Not long ago, Nike announced their “2 Hour Marathon Project,” an effort to see the first marathon ever run under 2 hours. Although the lore of the marathon makes this an exciting topic to consider, many runners doubt it’s even possible. The fastest marathon time today is still a long way from 2 hours. Let’s look at the numbers to see what a runner needs to run under a 2 hour marathon.
The numbers behind the 2 hour marathon
The current fastest marathon time is the world record held by Kenyan runner Dennis Kimetto. Kimetto ran 2:02:57 at the 2014 Berlin Marathon, an average pace of 4:41 per mile for 26.2 miles. A 2:00:00 marathon would require a pace of 4:34 per mile, 7 seconds per mile faster. This represents a 2.4% increase in pace.
That may not sound like a lot, but world class athletes already operate at the limits of human performance. Dropping even a few seconds per mile represents an enormous effort for people already maxing out their speed. Remember that these athletes train and race as their full time job. World class Kenyan and Ethiopian runners are born at high altitudes. Many of them run or walk long distances to school and develop immense cardiovascular abilities from a young age. When they become professional runners, they train under world class coaches and race with world class competition. They spare no effort to raise their race results to the absolute peak of their abilities.
In spite of this background, not one of them has so far come even close to breaking 2 hours. The current world record is almost 3 minutes away. Any top runner will acknowledge that 3 minutes in a marathon seems like an eternity.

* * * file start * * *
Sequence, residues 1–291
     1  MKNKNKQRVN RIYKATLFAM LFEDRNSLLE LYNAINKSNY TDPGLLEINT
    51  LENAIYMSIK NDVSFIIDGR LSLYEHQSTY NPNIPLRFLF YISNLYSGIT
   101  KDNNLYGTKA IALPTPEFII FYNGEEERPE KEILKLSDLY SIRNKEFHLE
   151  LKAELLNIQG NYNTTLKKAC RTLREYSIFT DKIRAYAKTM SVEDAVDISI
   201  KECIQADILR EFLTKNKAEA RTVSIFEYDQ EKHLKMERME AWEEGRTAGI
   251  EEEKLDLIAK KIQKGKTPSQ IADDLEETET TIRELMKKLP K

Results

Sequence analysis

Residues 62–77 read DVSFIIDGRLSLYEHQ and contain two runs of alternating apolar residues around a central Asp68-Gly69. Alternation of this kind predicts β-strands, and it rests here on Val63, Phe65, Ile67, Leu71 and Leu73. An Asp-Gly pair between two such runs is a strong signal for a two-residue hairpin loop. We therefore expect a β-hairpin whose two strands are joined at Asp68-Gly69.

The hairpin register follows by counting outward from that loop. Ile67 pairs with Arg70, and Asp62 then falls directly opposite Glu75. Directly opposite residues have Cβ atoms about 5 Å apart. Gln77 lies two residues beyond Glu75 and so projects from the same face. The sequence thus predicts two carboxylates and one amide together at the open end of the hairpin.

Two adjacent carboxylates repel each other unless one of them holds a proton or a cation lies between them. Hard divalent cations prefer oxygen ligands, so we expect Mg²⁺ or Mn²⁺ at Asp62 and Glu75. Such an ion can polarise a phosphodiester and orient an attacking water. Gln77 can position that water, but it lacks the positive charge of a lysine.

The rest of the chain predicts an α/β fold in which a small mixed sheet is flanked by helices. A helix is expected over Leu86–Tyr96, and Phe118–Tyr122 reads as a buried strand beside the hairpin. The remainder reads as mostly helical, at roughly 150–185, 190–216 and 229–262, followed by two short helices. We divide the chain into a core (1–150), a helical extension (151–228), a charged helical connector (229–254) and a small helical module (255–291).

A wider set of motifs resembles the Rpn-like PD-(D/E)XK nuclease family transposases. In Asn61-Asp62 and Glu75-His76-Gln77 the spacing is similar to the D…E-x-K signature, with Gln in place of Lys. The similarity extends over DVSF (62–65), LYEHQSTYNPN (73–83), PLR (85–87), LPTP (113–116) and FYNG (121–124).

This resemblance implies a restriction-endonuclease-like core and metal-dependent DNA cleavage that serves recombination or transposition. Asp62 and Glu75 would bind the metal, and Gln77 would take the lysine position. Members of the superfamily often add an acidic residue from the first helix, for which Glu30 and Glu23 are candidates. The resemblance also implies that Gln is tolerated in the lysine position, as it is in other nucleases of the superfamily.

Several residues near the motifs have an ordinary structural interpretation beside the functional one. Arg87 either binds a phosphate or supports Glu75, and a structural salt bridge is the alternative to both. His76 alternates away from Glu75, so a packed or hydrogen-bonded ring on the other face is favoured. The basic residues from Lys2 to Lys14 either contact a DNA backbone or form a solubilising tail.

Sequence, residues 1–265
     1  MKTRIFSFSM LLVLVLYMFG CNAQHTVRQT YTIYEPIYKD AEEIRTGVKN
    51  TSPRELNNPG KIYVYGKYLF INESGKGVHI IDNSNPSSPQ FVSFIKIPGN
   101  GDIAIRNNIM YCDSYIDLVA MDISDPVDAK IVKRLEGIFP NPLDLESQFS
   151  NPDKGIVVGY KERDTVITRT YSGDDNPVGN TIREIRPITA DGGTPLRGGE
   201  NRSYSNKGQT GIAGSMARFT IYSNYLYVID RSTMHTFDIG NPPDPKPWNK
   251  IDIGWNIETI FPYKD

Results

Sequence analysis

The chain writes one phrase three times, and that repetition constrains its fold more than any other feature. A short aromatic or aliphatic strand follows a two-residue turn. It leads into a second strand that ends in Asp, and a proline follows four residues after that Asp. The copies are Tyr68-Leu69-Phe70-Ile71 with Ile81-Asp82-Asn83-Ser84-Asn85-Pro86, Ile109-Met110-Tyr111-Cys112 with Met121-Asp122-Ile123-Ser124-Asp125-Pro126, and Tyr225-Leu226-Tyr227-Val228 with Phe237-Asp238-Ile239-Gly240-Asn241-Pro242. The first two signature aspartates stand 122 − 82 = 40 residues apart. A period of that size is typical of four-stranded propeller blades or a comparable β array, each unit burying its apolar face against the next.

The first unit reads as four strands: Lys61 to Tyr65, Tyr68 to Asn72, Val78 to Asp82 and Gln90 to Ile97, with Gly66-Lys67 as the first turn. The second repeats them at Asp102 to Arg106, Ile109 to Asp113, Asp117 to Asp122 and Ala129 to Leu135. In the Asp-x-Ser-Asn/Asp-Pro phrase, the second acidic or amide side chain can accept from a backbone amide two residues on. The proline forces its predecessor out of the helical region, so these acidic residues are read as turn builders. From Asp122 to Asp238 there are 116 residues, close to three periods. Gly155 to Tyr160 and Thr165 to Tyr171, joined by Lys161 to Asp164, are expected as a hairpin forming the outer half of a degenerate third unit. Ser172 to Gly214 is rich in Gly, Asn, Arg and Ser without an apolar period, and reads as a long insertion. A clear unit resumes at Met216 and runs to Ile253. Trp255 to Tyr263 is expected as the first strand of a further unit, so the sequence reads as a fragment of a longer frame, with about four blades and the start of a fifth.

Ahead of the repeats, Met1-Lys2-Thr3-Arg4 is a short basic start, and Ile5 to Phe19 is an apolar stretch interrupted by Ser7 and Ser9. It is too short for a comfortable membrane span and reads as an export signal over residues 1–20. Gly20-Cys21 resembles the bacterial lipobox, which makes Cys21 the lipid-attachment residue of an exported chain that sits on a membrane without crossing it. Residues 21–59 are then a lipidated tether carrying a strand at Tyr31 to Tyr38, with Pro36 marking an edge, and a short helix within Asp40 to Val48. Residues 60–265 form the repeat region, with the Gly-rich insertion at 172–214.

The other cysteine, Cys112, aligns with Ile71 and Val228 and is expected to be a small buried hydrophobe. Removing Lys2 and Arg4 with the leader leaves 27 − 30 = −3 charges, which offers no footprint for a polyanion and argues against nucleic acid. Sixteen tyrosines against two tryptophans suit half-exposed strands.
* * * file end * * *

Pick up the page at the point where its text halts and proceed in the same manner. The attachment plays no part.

The 2 hour marathon: What would Usain Bolt think?
To give an idea of how incredible a 3 minute marathon record improvement would be, consider Usain Bolt’s 100 meter world record. Bolt ran 9.58 seconds at the 2009 World Championships in Berlin, Germany. No one else (besides Bolt himself) has ever come within a tenth of a second of this remarkable record. Bolt dominated this event for years, setting many world records and winning nearly every Olympic and world championship sprint race he competed in.
The marathon world record requires a 2.4% improvement to go under 2 hours. A 2.4% improvement in the 100 meters would take Bolt’s time down to 9.35 seconds. And yet some scientists and exercise physiologists have stated that the theoretical limit for human sprint times tops out at around 9.4 seconds. 9.35 seconds would shatter that barrier.
Recent explosion in fast marathon times
Fast marathon times have become common in the last 5-10 years. But the phenomenon is a recent one. The first sub-2:06:00 marathon did not occur until 1999, and Paul Tergat achieved the first sub-2:05:00 in 2003. The first sub-2:04:00 came from Haile Gebrselassie in 2008. Dennis Kimetto has the first and only sub-2:03:00.
It’s also noteworthy to consider the cause behind the explosion in marathon times in recent years. The marathon used to be an event for aging track stars to finish their careers. Paul Tergat, former 2:04:55 world record holder, didn’t run his world record time until the age of 34. And his great rival Haile Gebrselassie of Ethiopia ran his 2008 world record of 2:03:59 in Berlin at age 35.
Nowadays, more and more young athletes in their early 20’s are taking on the challenge of the marathon and skipping the track altogether. This naturally leads to faster times, since these young marathoners attack the race in their physical prime, and without the cautious approach an older, more experienced runner might take.
The numbers show that this is happening. In 2008, only a single man broke 2:05:00. By 2012, just 4 years later, 11 men broke the 2:05 barrier. It’s now common in big city marathons like London, Chicago, and Berlin for top athletes to break 2:05 and attempt the world record. Times are getting faster and faster. But will they ever get fast enough to break 2 hours?
The 2 Hour Marathon: The Everest of Running
A look at the numbers reveals the 2 hour marathon to be an imposing feat. For runners, it could almost be called the “Everest” of marathoning achievements. But many climbers have climbed Everest. No runner has even come close to breaking 2 hours. Can anyone do it? Only time will tell.